I’m Turning Thirty, And I Live In A Monastery
Five questions to redefine success, wealth, and the American Dream
I sliced my thumb this morning with a meat cleaver.
I woke up a little after 5A.M. to peel potatoes and roll momos. A conch shell is my daily alarm, the horn echoing over homes and rice fields below. Sleepy monks file into the main hall of the monastery to begin their first ceremony shortly after.
As they recite Tibetan text, I sweep the cement floor with a hand broom of sticks and pour myself instant coffee.
I’ve learned some basic phrases in Nepali, answers to the most commonly asked questions:
I’m American. I’m a volunteer. I’m unmarried. I have no children.
I’m here by myself.
I’m almost thirty.
According to the American Dream, I’m a complete failure.I don’t own a house or a car. What I do own fits into a duffle bag. I sleep under a mosquito net. My savings account is negligible, and I have student loans I will probably never be able to pay.
In full disclosure, it’s been awhile since I received a regular paycheck.
I’d always imagined monasteries as places of quiet spiritual study and contemplation; however, when I first arrived as an English volunteer, I discovered the monastery more closely resembled a child’s home than religious institution.
Boys were running away, one committed suicide, ex-monks from all over the world messaged me with stories of minimum wage jobs and emotionally-strained relationships.
It was evident English teaching wasn’t the only thing that was needed.
Monks enter monasteries as small children. A few of them have been sent from traditional families as tokens of cultural duty and respect. Others have been enlisted by families hoping their children will receive better shelter and care than what they can provide. I’ve seen some boys arrive with traces of psychological disorders and trauma, coming from homes with little means and absent parents.
A handful of guardians use the monastery as punishment for disobedience at home.
They are typical kids. Once the mallet signals the end of class, they rush to their rooms to nap on wooden frames and play games on mobile phones. The adventurous sneak down the stairs to the nearest game house and clutch video game controllers. They fight. They cry. They get jealous and talk behind each others backs. They know the lyrics to the latest Hindi songs and look forward to playing in Sunday’s weekly football match.
They miss their mothers.
Eight out of ten will leave once they enter adulthood. With no training or certificate, many ex-monks wind up working labor jobs or worse, sitting around and drinking. Some are ostracized from their families. They’ve been raised in an atypical environment and often find it difficult to enter secular society.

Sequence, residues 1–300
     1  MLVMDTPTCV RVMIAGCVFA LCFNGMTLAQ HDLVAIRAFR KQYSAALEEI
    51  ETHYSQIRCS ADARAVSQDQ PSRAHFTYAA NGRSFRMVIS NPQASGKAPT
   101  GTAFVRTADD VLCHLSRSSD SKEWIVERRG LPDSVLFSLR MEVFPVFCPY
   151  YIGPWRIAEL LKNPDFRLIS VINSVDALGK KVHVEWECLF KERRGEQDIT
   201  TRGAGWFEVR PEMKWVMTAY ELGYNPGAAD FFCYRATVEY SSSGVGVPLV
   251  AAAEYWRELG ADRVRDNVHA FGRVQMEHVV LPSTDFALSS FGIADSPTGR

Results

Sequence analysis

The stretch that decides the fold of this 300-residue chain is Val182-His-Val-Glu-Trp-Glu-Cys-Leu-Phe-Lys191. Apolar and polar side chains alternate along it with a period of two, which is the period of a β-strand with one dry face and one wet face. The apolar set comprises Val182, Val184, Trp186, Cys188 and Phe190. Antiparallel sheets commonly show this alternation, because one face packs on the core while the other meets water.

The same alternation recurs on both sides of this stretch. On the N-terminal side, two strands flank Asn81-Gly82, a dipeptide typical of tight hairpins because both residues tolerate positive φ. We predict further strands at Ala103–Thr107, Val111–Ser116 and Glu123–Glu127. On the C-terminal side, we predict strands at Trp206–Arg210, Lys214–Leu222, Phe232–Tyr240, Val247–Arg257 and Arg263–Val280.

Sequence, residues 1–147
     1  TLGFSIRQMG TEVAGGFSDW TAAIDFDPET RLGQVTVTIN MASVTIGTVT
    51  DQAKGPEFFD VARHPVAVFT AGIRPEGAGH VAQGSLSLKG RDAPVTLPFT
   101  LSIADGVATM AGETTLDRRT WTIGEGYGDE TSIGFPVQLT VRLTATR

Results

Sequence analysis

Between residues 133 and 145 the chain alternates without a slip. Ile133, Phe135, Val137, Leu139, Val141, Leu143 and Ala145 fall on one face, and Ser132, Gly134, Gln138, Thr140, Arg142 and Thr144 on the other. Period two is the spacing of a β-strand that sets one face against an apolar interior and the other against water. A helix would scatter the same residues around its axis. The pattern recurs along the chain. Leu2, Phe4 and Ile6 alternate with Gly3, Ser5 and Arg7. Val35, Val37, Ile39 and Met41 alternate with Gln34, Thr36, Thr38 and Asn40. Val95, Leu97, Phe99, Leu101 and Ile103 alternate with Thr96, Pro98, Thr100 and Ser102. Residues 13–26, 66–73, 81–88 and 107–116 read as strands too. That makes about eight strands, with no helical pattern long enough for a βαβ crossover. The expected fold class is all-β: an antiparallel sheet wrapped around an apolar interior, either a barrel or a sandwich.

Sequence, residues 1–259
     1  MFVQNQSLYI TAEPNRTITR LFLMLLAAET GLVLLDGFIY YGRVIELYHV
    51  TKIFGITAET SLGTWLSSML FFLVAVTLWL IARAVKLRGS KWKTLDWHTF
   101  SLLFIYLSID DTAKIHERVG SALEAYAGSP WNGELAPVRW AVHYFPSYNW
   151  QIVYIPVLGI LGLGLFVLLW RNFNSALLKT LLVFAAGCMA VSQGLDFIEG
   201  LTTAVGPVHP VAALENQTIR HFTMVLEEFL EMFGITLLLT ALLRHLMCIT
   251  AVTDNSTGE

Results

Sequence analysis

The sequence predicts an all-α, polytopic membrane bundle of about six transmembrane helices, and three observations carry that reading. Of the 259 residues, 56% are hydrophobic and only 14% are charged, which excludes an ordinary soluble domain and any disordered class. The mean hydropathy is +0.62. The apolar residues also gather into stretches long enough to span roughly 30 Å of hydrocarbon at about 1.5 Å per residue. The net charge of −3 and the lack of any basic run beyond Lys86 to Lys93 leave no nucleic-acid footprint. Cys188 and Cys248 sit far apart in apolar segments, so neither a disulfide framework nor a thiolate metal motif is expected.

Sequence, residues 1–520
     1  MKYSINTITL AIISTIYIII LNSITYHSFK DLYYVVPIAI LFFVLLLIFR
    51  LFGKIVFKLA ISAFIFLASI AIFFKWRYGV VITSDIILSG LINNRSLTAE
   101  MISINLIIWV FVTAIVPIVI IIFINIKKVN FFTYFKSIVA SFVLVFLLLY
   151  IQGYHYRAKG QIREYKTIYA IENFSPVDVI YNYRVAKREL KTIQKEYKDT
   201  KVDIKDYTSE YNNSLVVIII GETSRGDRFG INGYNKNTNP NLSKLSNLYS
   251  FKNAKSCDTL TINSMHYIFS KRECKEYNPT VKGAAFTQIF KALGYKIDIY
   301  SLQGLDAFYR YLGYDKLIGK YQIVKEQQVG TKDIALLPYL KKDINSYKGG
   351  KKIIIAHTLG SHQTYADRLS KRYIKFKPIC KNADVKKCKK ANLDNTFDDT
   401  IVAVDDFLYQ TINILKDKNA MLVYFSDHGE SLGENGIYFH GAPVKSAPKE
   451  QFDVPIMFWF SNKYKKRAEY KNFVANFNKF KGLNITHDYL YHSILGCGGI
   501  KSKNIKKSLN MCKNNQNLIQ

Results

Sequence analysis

Call it naiveté or blind youth, I began tackling projects with the conviction that one person can benefit a community, can make a difference, can create change. Education provides choice, and everyone deserves the right to choose the course of their own life.
I couldn’t hope someone else came along to fix the problems I uncovered.
In one year’s time, I’ve hired a local English teacher, worked closely with administration to restructure and improve existing academic offerings, organized the first dental clinic, fundraised money to provide solar for classrooms and common areas, hosted birthday parties for kids who have no idea when they were born, lifted boulders to build a new school, and supplemented daily diets of thukpa with pineapple, cucumber salads, and the occasional pizza party.
Not every day is perfect. There are days I wonder if I’m doing good at all. My body is covered in insect bites, I get sick of eating rice and noodles, I’ve been splattered in the face by puss from an abscessed tooth.
There are moments I’m tired and cranky and understand little.
But some days I head to the market for bananas and oatmeal for sick students. When I organize group outings and make plans to develop an in-house volunteer program. When I write to-do lists for our growing school. If the guys want to stay at the monastery, fine, but if they want to leave and find jobs and be contributing members of the community, they can do that, too.
Even high in the Himalayas, I’m faced with questions regarding worth and success.
Birthday number 3-0 carries weight. For many, it’s a benchmark at which to take stock of your life’s accomplishments. It has me wondering if the ways we’ve been taught to measure wealth are distorted. If the scales we use to determine value and impact are skewed, if we’re asking the wrong questions.
As I approach a new decade, I consider:
Are you helping others?
Are you accomplishing set goals?
Do you feel welcomed into a community?
Are there people in your life who support you?
Are you learning, getting just a little bit better, more patient, more compassionate, more understanding, more loving each day?
I have no idea what the future holds. I never could have imagined I’d end up here, but I can’t imagine my life any other way. I’ve been welcomed into the families and communities of these men — Gurung, Tamang, Manangi.
I chop onions alongside women whose skin is worn like leather. They ask if I’ve eaten dal bhat, if I’ve had tea. I carry their children on my back, fold my hands in Namaste greeting and try my best to speak correct Nepali, placing verbs at the end of sentences.
I’m living a dream, my dream.
Perhaps I’m not a failure after all.
If you’re thinking about volunteering abroad, I encourage you to do so mindfully. Ask lots of questions — of both yourself and of the organizations you’re considering. Some of my writings on voluntourism may be helpful as you embark on your adventure.